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Fall 1994 · Vol. 23 No. 2 · pp. 125–28 

Book Review

A Pilgrimage of Faith. The Mennonite Brethren Church in Russia and North America, 1860-1990

J. B. Toews. Winnipeg, MB and Hillsboro, KS: Kindred, 1993. 374 pages.

Reviewed by Wesley J. Prieb

Toews, a respected church leader, provides a biblical and theological framework for Mennonite Brethren identity. The book is required reading for all students of Mennonite Brethren faith and life.

By request I am reflecting on the theme of missions (not alone from chapter 19), rather then “reviewing” the book. Toews treats the subject of mission in two ways: missions as an arm of the church, and the church in mission. The first implies that missions is a spoke in the wheel. The second implies missions is the hub of the wheel; all the spokes relate to the Great Commission. I prefer the second approach because of recent changes in global demographics and mission strategies. Today all churches are mission churches. Toews, in laying out principles, tends to separate between church and mission. While I agree with the principles, I emphasize {126} that every Mennonite Brethren church everywhere be governed by the following five vision statements.


Before the church can do its mission in the world, it must know the story of God redeeming the fallen race. It must accept the Bible as the word of God for faith, life, and mission. “What does the Bible say?” was the major concern of the early Mennonite Brethren.

Their understanding of salvation was rooted in a “Christocentric theology.” Briefly stated, this meant a fervent belief in Jesus Christ as God incarnate, his vicarious death and victorious resurrection as the all-sufficient provision for the redemption of sinful humanity, and his coming again to receive his own and to judge the world . . . The model for the redeemed community, the church, was that of the apostolic fellowship, the church as found in the book of Acts.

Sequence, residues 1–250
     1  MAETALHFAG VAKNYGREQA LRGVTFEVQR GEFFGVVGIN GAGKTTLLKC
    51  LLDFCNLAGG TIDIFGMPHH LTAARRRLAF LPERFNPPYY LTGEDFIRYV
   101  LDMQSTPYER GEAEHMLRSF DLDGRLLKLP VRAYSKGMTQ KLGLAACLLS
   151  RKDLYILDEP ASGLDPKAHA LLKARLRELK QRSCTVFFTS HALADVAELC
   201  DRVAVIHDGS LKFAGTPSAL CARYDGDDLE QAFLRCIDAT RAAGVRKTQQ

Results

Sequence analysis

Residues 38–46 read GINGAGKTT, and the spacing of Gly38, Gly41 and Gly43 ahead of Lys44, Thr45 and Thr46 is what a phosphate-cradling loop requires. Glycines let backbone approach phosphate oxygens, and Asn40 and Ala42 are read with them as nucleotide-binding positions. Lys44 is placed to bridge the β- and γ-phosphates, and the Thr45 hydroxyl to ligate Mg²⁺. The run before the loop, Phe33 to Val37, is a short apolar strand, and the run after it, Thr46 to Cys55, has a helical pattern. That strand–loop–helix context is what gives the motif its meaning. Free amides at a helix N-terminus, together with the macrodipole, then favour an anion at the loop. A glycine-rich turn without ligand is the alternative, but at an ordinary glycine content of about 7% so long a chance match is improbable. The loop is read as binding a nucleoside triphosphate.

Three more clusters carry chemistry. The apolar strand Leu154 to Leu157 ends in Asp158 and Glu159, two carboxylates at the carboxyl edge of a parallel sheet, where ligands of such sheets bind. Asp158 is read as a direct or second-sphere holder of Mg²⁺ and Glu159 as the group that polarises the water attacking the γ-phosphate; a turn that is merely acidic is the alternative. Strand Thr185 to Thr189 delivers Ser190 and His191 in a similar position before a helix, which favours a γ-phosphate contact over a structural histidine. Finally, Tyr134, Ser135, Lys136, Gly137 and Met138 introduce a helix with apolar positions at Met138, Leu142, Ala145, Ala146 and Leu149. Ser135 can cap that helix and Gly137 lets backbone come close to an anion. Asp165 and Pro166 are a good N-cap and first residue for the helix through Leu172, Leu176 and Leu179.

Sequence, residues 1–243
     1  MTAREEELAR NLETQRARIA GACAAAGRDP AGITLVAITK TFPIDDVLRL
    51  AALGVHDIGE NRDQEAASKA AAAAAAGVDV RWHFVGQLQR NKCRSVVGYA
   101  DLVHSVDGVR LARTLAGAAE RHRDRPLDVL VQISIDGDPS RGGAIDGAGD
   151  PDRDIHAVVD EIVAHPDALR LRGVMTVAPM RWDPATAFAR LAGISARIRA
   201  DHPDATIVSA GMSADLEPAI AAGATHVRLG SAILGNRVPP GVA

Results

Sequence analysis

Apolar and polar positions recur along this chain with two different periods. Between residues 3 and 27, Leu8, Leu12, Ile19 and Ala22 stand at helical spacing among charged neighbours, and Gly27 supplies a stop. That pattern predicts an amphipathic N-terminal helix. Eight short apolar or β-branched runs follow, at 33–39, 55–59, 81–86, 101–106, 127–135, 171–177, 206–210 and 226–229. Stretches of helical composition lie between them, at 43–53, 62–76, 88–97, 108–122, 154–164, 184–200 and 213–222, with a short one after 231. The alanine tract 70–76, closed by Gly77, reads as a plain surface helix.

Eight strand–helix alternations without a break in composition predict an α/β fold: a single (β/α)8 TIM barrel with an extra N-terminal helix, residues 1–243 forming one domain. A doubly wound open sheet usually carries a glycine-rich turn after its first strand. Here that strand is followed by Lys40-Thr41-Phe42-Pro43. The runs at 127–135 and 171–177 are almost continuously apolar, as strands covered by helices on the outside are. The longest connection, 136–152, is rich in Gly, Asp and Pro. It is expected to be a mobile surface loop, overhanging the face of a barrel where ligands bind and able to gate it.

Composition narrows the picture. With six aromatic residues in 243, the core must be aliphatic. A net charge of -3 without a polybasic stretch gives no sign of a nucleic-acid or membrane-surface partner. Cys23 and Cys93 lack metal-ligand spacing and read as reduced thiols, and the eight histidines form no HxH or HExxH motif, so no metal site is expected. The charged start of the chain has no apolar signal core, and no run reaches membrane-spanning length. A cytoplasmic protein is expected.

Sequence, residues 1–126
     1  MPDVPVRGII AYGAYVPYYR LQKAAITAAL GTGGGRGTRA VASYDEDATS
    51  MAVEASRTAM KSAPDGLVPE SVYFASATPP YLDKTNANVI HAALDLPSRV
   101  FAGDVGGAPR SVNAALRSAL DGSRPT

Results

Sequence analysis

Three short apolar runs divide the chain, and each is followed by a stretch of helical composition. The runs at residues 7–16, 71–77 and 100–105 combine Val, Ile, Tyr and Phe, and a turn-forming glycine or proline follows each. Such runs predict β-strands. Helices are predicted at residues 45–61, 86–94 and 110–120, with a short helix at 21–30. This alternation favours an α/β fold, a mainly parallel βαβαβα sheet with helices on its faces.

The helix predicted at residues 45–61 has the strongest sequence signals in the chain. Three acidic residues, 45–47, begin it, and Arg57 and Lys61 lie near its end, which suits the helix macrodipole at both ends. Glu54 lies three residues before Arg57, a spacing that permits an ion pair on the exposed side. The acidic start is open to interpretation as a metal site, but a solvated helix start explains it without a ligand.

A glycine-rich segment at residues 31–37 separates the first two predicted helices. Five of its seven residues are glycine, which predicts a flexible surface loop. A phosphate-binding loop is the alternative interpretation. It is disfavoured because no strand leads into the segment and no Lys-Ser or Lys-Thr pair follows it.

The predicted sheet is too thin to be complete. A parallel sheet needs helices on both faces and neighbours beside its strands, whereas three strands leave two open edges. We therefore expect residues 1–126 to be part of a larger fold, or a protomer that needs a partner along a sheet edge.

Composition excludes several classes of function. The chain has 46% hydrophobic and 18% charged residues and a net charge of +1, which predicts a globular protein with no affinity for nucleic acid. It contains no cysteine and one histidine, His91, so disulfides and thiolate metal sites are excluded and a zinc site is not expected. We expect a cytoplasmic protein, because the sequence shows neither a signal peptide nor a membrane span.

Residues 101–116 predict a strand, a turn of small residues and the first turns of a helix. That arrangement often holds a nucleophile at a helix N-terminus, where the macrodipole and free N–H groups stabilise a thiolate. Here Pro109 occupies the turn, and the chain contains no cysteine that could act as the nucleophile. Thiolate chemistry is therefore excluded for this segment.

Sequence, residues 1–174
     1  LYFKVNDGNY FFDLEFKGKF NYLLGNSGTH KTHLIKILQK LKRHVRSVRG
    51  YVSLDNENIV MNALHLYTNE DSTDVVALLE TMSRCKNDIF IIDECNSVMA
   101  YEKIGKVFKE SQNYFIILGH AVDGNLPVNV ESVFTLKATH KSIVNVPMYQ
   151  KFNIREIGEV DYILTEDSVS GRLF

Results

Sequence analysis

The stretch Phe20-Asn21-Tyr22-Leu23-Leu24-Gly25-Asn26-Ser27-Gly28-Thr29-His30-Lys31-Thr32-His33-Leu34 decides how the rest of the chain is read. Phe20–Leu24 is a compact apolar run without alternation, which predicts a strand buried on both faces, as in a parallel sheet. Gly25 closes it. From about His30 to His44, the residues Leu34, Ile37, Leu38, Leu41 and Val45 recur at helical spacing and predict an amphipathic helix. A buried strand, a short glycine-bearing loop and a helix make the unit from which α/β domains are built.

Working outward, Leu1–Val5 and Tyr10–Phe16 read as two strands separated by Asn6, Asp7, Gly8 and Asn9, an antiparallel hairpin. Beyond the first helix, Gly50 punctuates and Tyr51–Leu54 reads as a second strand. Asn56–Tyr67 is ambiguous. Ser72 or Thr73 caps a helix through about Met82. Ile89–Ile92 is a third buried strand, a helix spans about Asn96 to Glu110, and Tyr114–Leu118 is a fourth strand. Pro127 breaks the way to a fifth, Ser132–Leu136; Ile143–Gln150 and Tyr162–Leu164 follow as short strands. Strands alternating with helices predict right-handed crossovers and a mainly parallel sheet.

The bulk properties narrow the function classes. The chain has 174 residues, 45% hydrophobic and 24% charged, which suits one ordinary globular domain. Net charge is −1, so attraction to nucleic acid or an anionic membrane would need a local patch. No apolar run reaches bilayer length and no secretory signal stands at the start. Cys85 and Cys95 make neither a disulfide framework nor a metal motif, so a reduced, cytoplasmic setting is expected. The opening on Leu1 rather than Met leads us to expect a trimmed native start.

Biblical truth for Mennonite Brethren was existential and governed all aspects of faith and life. Their rejection of institutional forms of religion left them no other point of reference but the Bible itself (p. 19).

When there was a conflict between the Old and New Testament, they opted for the focused rather than the flat canon. The New Testament stood above the Old Testament in the progress of revelation. And the exegetical community helped interpret the difficult passages. Armed with the Word of God and the sword of the Spirit, the early missionaries were ready to do battle with the forces of darkness.


Being “born again” meant turning around and walking the narrow road as a new creature. God allowed humanity to exercise free will “that all that obey His gospel and believe in Him would not perish but have everlasting life.” The linkage of “obey” and “believe” was important to the early Mennonite Brethren. Menno Simons said,

My dearly beloved reader take heed to the Word of the Lord and learn to know the true God. I warned you faithfully to take it, if you please. He will not save you nor forgive you your sins nor show you His mercy and grace except according to His word: namely if you repent and if you believe, if you are born of Him, if you do what He has commanded and walk as He walks (p. 32).